If you object too much to change, you may end up trapped.

Greg Neiman is an Advocate editor.

Get local stories you won't find anywhere else right to your inbox.
Sign up here

Just Posted

(File photo by Advocate staff)
Crown-Indigenous Relations Minister Carolyn Bennett takes her seat as she wait to appear before the Indigenous and Northern Affairs committee in Ottawa, March 10, 2020. Federal officials are facing calls for greater clarity on how a proposed new law to harmonize Canada’s laws with the United Nations Declaration on the Rights of Indigenous People could affect future development projects and government decisions. THE CANADIAN PRESS/Adrian Wyld
Feds pressed to define ‘free, prior and informed consent’ in UNDRIP bill

UNDRIP bill mandates government adopt more inclusive approach

Finance Minister Chrystia Freeland, centre, tables the federal budget in the House of Commons in Ottawa on Monday April 19, 2021. The federal government unveiled spending plans to manage the remainder of the COVID-19 crisis and chart an economic course for a post-pandemic Canada. THE CANADIAN PRESS/Sean Kilpatrick
ATB Financial: Five things to know about the federal budget

Five things stand out above the rest in the federal government’s budget,… Continue reading

A vial of the Medicago vaccine sits on a surface. CARe Clinic, located in Red Deer, has been selected to participate in the third phase of vaccine study. (Photo courtesy www.medicago.com)
Red Deer clinical research centre participating in plant-based COVID-19 vaccine trial

A Red Deer research centre has been selected to participate in the… Continue reading

Gwynne Dyer
Bolsonaro: Suicide by COVID

‘Rounding into the home stretch, it’s Italy by a full length, then… Continue reading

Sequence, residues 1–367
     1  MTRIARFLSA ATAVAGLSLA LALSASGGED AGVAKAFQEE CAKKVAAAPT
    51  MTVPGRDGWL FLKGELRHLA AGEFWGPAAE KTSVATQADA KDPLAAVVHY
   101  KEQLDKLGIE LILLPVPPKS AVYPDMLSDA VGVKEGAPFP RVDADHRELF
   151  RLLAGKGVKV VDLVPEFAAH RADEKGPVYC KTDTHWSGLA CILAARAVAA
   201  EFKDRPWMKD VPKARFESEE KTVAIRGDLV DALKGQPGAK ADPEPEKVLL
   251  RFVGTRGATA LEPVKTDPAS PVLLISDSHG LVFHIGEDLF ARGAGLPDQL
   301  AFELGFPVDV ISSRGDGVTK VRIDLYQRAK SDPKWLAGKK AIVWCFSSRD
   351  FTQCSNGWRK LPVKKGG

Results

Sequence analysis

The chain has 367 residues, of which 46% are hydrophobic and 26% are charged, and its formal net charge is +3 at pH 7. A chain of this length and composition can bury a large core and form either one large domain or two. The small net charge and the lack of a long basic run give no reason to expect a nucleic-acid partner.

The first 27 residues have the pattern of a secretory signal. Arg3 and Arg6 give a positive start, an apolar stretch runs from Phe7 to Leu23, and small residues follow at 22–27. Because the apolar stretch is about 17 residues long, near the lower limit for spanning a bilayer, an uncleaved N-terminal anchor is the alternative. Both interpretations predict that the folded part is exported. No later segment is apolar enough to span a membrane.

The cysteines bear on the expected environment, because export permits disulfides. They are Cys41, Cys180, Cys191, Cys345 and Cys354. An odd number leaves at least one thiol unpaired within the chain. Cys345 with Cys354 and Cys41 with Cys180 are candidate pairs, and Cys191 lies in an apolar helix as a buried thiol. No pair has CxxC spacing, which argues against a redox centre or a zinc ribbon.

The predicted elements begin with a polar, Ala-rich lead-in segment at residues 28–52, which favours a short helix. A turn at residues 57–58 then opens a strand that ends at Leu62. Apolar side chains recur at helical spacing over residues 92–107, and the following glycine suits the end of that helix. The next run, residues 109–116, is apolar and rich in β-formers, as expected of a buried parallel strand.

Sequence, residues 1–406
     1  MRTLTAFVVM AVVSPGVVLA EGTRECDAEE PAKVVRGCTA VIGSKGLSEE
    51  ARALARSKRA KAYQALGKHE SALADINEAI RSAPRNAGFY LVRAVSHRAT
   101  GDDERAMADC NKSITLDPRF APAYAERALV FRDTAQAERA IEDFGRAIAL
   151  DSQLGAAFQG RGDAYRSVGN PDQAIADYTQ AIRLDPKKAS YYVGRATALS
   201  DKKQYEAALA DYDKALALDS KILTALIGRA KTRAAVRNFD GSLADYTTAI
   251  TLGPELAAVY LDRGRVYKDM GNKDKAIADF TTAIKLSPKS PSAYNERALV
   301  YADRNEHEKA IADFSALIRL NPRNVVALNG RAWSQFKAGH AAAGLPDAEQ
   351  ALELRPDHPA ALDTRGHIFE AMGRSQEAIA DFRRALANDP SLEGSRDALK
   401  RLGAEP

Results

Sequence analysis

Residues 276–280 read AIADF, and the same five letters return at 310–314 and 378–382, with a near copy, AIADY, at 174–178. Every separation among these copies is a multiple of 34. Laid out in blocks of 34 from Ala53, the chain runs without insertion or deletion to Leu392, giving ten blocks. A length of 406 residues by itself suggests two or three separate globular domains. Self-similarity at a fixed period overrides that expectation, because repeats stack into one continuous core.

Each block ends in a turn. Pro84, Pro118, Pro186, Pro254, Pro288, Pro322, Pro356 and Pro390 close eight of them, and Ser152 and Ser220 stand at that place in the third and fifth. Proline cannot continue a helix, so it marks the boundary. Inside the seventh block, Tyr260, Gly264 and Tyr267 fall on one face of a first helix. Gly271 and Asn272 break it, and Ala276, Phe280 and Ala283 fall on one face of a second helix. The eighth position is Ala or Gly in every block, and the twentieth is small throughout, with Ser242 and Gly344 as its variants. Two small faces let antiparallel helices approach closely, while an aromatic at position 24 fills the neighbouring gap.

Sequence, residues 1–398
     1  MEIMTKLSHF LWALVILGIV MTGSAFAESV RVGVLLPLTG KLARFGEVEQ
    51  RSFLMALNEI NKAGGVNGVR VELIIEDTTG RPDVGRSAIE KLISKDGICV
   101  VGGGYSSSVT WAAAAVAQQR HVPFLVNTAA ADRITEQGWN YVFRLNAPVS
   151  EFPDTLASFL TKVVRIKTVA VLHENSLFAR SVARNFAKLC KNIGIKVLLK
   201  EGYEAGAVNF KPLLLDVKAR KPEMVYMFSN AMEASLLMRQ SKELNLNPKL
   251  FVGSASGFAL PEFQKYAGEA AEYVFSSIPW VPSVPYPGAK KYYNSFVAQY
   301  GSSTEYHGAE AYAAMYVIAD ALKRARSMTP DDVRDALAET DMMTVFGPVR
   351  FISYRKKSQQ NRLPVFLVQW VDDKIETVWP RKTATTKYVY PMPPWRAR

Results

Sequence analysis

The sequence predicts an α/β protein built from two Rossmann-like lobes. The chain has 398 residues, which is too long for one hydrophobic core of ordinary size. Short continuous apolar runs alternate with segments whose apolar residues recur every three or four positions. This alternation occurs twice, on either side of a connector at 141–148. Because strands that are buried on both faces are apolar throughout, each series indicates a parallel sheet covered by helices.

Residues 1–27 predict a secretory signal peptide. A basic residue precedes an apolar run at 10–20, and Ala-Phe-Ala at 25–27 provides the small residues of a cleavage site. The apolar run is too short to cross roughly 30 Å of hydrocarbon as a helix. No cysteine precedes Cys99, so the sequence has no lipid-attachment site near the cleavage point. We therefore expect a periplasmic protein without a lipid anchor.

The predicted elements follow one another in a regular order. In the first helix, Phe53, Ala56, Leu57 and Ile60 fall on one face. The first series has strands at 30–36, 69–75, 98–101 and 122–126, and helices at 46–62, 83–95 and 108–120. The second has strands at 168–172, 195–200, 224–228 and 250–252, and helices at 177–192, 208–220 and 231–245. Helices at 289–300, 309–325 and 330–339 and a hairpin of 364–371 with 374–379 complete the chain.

Queen Elizabeth II during her visit to Red Deer, June 28, 1990. (File photo by Advocate staff)
Red Deer and the Royal Family

The recent passing and funeral of Prince Philip, Duke of Edinburgh, in… Continue reading

Vancouver Canucks' Tanner Pearson, right, celebrates after scoring against Toronto Maple Leafs goalie David Rittich during the third period of an NHL hockey game in Vancouver, on Tuesday, April 20, 2021. THE CANADIAN PRESS/Darryl Dyck
Pearson, Sutter each score twice as Canucks dump Leafs 6-3

Pearson, Sutter each score twice as Canucks dump Leafs 6-3

Everton's Gylfi Sigurdsson celebrates with teammates after scoring his side's second goal during the English Premier League soccer match between Everton and Tottenham Hotspur at Goodison Park in Liverpool, England, Friday, April 16, 2021. (Peter Powell/Pool via AP)
Super League collapses after the 6 English clubs withdraw

Super League collapses after the 6 English clubs withdraw

Boston Red Sox starting pitcher Eduardo Rodriguez delivers against the Toronto Blue Jays during the first inning of a baseball game Tuesday, April 20, 2021, at Fenway Park in Boston. (AP Photo/Winslow Townson)
Bogaerts’ 3-run HR, Rodriguez lift BoSox over Blue Jays 4-2

Bogaerts’ 3-run HR, Rodriguez lift BoSox over Blue Jays 4-2

Pound says Olympic qualifying issues a concern to IOC

Pound says Olympic qualifying issues a concern to IOC

Former University of Victoria rowing coach Barney Williams is photographed in the stands during the Greater Victoria Invitational at CARSA Performance Gym at the University of Victoria in Victoria, B.C., on Friday, November 29, 2019. THE CANADIAN PRESS/Chad Hipolito
Rowing Canada sanctions former head coach of B.C. varsity women’s team

Rowing Canada sanctions former head coach of B.C. varsity women’s team

Ontario Hockey League cancels 2020-21 season as COVID-19 cases surge in province

Ontario Hockey League cancels 2020-21 season as COVID-19 cases surge in province

Most Read